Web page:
INTACH Coimbatore takes back 2000 years in search of the Romans

A rather unremarkable patch of land greets us at Pattanam. This is it? We are standing on an archaeological site. Recent excavations indicate this was part of an ancient port city, Muziris. “You have to use your imagination. There was a bustling Roman settlement here,” says S. Suresh. He is Tamil Nadu State Convener, Indian National Trust for Art and Cultural Heritage (INTACH). He is leading us on a two-day tour of 2,000-year-old Roman settlements. The heritage tour, organised by Kalaivani Chengappa (convener, Coimbatore chapter, INTACH), will retrace the footsteps of Roman traders from the time they landed at Muziris (in Ernakulam district) to Kodumanal (in Erode district) through Vellalore in Coimbatore, 2,000 years ago.

“Romans came here to trade in spices, especially pepper, as well as gemstones, textiles, ivory, sandalwood and iron and steel. In exchange, they brought with them wine, gold and silver,” says Suresh. He points to one side of the site where huge cement containers hold shards of pottery. “The bigger pieces that included almost intact amphora and pots have been taken away for safe keeping,” he explains. The excavations in Pattanam are being carried out by the Kerala Council for Historical Research.

It is believed that Pattanam is the erstwhile Muziris, a key port where the Roman traders first landed. The Periyar River once flowed into the sea here. But the river must have altered its course, says Suresh. “Along with Mediterranean pottery, glass beads, semi-precious stones and metal nails, they have unearthed an entire boat not too far from here.” Another reason to believe that Pattanam could very well be the vanished Muziris.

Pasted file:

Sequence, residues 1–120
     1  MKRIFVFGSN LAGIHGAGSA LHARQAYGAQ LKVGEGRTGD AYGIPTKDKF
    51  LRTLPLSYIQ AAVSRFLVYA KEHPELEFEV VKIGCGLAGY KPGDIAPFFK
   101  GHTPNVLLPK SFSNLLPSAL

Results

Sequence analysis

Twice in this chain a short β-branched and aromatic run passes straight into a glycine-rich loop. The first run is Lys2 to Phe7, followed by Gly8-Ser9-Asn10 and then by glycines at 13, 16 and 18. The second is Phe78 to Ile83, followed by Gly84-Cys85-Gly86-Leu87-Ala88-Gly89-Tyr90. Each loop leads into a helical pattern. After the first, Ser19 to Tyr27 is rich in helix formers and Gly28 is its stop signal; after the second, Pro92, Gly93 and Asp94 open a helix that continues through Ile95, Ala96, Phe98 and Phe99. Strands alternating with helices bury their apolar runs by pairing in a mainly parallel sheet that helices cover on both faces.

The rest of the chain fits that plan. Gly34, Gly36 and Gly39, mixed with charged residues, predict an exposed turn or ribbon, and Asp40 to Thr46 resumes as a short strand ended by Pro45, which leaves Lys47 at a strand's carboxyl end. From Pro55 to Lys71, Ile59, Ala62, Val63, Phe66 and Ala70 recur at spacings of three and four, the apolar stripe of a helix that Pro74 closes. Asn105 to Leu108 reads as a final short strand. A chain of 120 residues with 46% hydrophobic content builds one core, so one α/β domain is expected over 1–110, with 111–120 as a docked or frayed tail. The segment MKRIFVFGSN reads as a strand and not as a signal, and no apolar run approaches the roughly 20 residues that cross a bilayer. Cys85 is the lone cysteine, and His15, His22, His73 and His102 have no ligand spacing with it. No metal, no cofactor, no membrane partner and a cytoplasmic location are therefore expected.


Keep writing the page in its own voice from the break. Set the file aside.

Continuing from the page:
Our next stop is Azhicode, Kodungallur, where the Mar Thoma Pontifical Shrine stands overlooking the Periyar as it flows into the sea. St Thomas is said to have founded the church that today holds his relic — a bone from his arm. He is believed to have landed on the Malabar coast on one of the Roman vessels. We now follow in his footsteps and go to another small hamlet, Eeyal, where a banana farmer clearing his land discovered two small caves and a cache of Roman coins. People believe St. Thomas rested in these caves. This site is unique because it is one of the very few where both silver and gold coins have been excavated.

The biggest haul of Roman coins in this part of the world, says Suresh, was unearthed in Vellalore, in Coimbatore.

Ancient presence

Vellalore, Padaiyur, Pollachi, Kodumanal and Noyyal, all find mention in ancient Latin and Tamil records. And Vellalore is where the second day’s tour kicks off. We are gathered at Sri Chitra Gupthar Yama Dharmaraja Temple, because in the 19th Century, a huge haul of Roman coins was found right here. We then head to Padaiyur, where quantities of beryl were unearthed. They were mined there in the Roman days and then taken to Kodumanal, which is midway between Muziris on the Arabian Sea and Kaveripattinam on the Bay of Bengal. According to Suresh, this little village was once a large Roman settlement with workshops where iron ore brought from the nearby Chennimalai Hills was forged into weapons for the Romans. There is a story that one of Julius Caesar’s swords was made right here!

The Archeological Survey of India, Tamil University and the Central University of Pondicherry have carried out extensive excavations at Kodumanal. We are met by Ramchandran, a former math teacher and, currently, the Village Administrative Officer. He accompanies us on a stroll along the banks of the Noyyal. A nearby excavation site yields shards of patterned pottery. Ramachandran shows us a megalithic burial site on his land that has been left open for public viewing. Similar sites have yielded many treasures, including a gem-encrusted gold tiger, he tells us. But these are not Roman artefacts.

About 50 km away in Erode, at the Kalaimagal Kalvi Nilayam, is a museum that has plenty of Roman artefacts. During some building activity in the school, remains of Roman urns and coins were found there. The school has a beautiful museum displaying these and other findings from Erode and Gobichettipalayam districts. The remarkable museum is the last leg of our tour.

Kalaivani Chengappa and S. Suresh host a sumptuous dinner on the last day, and the Roman surprises continue. Suresh appears dressed as a Roman sailor and tells us that at least two of the dishes we will be eating that evening are Roman recipes. We are served a large white and pink cake with an olive wreath iced on it, and a fruit salad served with nuts and honey. That concludes our Roman holiday.